blueprint


MIT researchers develop neural network that recovers clear information from blurry images

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Researchers at MIT's Computer Science & Artificial Intelligence Laboratory (CSAIL) trained the CNN by scanning thousands of pairs of images (projections) -- one of low quality and the other the source (signal) of the blurry picture. The neural network uses the information to essentially reverse engineer the blurring effects by learning the pixel patterns and what created them. Another part of the CNN, called a "variational autocoder," analyzes the output and evaluates how well the network matched the signal. It then creates a "blueprint" to tell the AI how to go from a projection to all possible matching sources. When given a fresh image, the CNN examines the pixel patterns and uses the blueprint to find every possible signal that could have created the blurring.


MLBP Joining the IBM Data Science Community!

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We're excited to announce that the Machine Learning Blueprint is joining the IBM DataScience Community! We've always strived to source high quality content across the web and put deep thought into our curations. However, continually delivering this every week is not easy, so after two years of publishing, we decided to take a pause. Through our work with the IBM Community we identified an opportunity to join forces to grow a community of machine learning practitioners, we were thrilled at the prospect. Their mission was clear: provide a place for data scientists to interact with other experts, share support and insights and start dialogue around relevant topics.


Canopy provides a blueprint for privacy-focused content recommendations

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With the advent of cloud computing, e-commerce, and social media, it's difficult to keep tabs on who has access to our data, and harder still to know how much care they're taking with it -- barely a day goes by without some form of data-breach, lapse, or privacy scandal coming to the fore. But what constitutes "data-misuse" is covered by a broad gamut of scenarios that reach beyond poor security hygiene. Online tracking and profiling is rife -- it turns out there is a heap of money to be made from knowing where you are, what you do, and what you like. It all comes down to personalization: selling things, be it products, playlists, or a political ideology, based on who you are. The Facebook and Cambridge Analytical, which highlighted how social networks armed with vast banks of personal data could be leveraged to profile voters and micro-target with personalized political ads, was something of a watershed moment in terms of elevating the issue of data-privacy and abuse into the public consciousness.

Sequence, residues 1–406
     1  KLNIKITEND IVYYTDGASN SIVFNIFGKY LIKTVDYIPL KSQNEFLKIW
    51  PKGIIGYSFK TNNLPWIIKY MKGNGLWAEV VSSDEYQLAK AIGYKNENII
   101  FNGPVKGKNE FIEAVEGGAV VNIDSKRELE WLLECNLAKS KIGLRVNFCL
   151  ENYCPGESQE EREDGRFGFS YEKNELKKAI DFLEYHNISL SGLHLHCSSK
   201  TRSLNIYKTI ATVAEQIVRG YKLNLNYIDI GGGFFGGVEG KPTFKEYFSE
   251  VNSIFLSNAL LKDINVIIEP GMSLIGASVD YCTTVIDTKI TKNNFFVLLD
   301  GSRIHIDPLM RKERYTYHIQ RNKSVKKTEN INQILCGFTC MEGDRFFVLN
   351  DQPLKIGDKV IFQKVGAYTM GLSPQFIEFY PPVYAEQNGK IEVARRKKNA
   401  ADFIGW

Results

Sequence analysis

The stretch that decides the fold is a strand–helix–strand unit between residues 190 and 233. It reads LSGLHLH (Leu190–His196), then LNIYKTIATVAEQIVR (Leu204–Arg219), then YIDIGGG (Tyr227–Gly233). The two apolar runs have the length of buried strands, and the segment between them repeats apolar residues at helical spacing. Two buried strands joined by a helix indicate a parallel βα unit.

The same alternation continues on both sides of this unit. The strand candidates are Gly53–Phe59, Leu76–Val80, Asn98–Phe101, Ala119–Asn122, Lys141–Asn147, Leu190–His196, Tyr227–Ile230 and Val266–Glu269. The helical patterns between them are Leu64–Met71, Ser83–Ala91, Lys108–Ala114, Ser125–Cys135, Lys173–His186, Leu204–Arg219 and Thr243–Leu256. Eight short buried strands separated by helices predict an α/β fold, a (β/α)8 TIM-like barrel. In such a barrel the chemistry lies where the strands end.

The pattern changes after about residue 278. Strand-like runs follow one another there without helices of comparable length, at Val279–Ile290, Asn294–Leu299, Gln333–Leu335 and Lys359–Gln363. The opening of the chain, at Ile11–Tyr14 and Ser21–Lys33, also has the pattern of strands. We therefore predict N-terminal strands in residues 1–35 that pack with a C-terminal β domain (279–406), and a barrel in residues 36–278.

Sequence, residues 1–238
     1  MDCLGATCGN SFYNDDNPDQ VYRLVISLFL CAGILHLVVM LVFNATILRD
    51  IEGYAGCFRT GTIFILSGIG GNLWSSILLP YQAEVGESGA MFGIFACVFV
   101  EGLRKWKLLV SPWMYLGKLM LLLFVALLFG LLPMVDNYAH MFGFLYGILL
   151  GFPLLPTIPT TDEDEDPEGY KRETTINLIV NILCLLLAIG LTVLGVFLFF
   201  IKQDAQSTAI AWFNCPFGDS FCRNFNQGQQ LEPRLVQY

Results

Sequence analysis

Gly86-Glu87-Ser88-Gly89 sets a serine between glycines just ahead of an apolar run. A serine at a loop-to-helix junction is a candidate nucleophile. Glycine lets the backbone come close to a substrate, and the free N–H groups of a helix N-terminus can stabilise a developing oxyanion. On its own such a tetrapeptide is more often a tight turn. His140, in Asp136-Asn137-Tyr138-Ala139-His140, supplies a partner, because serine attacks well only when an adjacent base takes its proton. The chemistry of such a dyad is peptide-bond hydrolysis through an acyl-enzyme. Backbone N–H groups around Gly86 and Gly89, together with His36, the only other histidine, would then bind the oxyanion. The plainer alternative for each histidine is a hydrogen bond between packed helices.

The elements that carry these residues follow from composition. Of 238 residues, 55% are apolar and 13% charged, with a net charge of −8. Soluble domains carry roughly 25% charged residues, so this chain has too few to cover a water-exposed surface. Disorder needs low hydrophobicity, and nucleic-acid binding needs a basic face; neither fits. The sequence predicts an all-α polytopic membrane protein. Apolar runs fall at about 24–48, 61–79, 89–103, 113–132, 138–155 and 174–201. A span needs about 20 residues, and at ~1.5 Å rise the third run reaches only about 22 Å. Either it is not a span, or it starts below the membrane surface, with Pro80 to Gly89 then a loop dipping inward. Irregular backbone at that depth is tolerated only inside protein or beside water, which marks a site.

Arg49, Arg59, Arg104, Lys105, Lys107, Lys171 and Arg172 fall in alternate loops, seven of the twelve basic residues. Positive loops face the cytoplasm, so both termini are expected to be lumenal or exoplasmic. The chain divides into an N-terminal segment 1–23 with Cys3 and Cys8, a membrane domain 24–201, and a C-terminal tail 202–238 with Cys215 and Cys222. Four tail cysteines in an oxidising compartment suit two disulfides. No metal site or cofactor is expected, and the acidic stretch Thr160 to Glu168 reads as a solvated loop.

Which flavor of data professional are you?

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The data universe is expanding rapidly -- it's time we started recognizing just how big this field is and that working in one part of it doesn't automatically require us to be experts of all of it. Instead of expecting data people to be able to do all of it, let's start asking one another, "Which kind are you?" Most importantly, it's time we asked ourselves that same question. Working in one part of the data universe doesn't automatically require us to be experts of all of it. Disclaimer: I made these caricatures to help you get a mental map started, but we all know that real life doesn't always color neatly within the lines.


How ants, bees, and fruit flies can be the next big buzz in artificial intelligence